Art to Leaving
Each year, the NASS Member Assistance & Legal Support Team, under the direction of Member Services Director Margarita Cuizon, receives calls from members dealing with job change. We asked our experts to write an article on maintaining your professionalism when leaving a job.
Each year many school administrators leave the school districts where they work and move on to administrative positions in other districts. Sometimes people leave because it is their choice. Others are sometimes noti ed they might not be a match, or the district may be moving in a new direction or may have lost con dence in the individual.
Regardless of whether the person leaves voluntarily or is asked to leave, it is extremely important to leave in a way that is professional and positive. It is normally a di cult situation when an administrator is reassigned, demoted or terminated. When this action occurs, an administrator can often feel unfairly treated, confused, angry and upset. These are normal reactions when confronted with the possibility of losing a job.
Most of the time, all of the legal requirements to demote, terminate or reassign an administrator are met properly by district o cials. Even when all legal requirements are met, the individual administrator at times feels he or she is not being treated fairly and wants to challenge the decisions that have been made.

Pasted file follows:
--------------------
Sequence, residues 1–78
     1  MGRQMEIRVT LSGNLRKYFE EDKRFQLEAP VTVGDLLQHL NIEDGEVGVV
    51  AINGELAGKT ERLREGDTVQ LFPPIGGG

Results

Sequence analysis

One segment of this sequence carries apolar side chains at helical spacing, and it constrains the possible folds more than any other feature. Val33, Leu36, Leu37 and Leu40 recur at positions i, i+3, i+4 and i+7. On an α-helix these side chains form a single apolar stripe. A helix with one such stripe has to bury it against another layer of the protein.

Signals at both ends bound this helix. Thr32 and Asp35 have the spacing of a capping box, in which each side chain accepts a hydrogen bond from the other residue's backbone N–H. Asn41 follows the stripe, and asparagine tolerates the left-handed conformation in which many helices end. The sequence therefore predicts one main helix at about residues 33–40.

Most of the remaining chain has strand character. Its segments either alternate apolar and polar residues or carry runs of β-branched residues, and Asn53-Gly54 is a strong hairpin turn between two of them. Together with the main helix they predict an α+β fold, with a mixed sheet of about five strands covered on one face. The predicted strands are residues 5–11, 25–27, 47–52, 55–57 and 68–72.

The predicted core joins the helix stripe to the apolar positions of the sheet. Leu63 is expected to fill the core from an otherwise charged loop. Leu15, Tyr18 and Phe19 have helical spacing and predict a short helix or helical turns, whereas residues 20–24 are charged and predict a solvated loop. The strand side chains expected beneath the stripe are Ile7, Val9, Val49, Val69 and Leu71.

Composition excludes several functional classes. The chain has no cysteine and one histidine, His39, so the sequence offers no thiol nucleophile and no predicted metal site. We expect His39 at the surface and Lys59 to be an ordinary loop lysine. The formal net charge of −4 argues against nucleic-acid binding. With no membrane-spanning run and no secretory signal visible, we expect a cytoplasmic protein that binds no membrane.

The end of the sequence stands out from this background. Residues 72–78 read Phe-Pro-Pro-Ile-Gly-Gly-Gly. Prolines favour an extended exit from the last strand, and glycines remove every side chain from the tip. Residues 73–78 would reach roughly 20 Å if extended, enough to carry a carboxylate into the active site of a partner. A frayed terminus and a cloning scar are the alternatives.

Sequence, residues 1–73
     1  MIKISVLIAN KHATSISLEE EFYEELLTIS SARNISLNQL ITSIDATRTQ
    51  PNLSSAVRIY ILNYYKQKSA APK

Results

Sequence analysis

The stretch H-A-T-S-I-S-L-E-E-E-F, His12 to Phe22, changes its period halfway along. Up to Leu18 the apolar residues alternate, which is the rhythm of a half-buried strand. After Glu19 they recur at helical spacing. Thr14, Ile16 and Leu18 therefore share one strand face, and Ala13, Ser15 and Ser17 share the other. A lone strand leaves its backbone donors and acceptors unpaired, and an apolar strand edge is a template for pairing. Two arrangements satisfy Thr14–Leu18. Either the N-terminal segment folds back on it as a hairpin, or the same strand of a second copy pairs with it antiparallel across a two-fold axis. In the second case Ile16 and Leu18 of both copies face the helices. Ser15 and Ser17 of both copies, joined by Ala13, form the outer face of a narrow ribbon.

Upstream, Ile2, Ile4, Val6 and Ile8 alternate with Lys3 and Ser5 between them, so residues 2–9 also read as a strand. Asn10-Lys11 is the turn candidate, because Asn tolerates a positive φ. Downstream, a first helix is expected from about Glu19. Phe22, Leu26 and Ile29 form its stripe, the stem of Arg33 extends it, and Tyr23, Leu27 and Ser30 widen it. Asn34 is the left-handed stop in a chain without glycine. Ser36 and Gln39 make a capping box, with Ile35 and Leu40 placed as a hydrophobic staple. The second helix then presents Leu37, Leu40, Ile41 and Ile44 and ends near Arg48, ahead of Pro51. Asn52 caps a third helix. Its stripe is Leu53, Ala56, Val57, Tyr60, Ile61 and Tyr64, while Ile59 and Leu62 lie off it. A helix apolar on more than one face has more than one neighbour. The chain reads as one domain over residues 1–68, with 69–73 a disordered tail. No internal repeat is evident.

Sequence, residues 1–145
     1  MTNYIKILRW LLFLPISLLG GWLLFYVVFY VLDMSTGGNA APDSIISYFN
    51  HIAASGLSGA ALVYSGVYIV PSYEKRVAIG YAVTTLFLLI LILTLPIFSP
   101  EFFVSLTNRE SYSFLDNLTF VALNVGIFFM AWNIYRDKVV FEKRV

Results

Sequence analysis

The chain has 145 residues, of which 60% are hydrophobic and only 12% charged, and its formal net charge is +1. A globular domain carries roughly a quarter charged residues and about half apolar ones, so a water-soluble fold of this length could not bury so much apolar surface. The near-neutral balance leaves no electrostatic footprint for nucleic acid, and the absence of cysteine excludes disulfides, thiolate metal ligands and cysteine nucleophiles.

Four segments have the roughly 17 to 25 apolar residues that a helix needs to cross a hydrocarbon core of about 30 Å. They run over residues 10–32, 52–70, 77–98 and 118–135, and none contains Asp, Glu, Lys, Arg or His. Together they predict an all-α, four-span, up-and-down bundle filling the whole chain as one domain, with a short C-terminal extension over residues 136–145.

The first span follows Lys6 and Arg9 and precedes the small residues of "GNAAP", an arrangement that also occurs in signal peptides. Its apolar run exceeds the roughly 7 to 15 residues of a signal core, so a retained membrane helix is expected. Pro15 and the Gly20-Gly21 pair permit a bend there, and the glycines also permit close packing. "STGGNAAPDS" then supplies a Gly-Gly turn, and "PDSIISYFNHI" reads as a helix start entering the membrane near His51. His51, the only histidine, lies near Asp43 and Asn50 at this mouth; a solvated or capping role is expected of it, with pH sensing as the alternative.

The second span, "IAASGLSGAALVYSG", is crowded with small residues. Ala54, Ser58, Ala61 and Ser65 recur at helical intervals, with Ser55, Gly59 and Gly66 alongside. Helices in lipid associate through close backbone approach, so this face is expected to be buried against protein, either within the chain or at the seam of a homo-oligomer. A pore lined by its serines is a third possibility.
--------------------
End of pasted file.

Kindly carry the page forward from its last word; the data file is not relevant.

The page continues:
Then, when it comes time to actually leave the district or move to a new position in the district, he or she cannot accept that the decisions are legal and nds it di cult to move forward.
Experience has shown that there really is an “Art of Leaving,” even during di cult circumstances. It is best to channel the natural frustration, anger, resentment and other emotions and, despite the challenge, to look forward, not back. Put your energy into preparing yourself to nd a new, and hopefully better, job. Here are some speci c ways to look forward:
· Practice your interview skills.
· Sharpen and update your resume.
· Use the Internet to locate employment opportunities.
· Use the Internet to nd out information about other districts.
· Get your reference letters updated.
· Talk with colleagues in other districts about possible open positions.
· Let others know that you are available.
When you leave a district or a position, try to leave without saying negative things about people. Remember that many times the people you are upset with will appear again in your professional life in years to come.
Complete all your professional responsibilities before you leave, including cleaning your o ce, desk and computer in a respectful manner. Leave on as positive note as possible. Look forward, take o the rear view mirrors, and do not look back.
Yes, it can be di cult to leave a position or a district. If you ever nd yourself in the position of having to move on, don’t forget, there really is an “Art of Leaving.”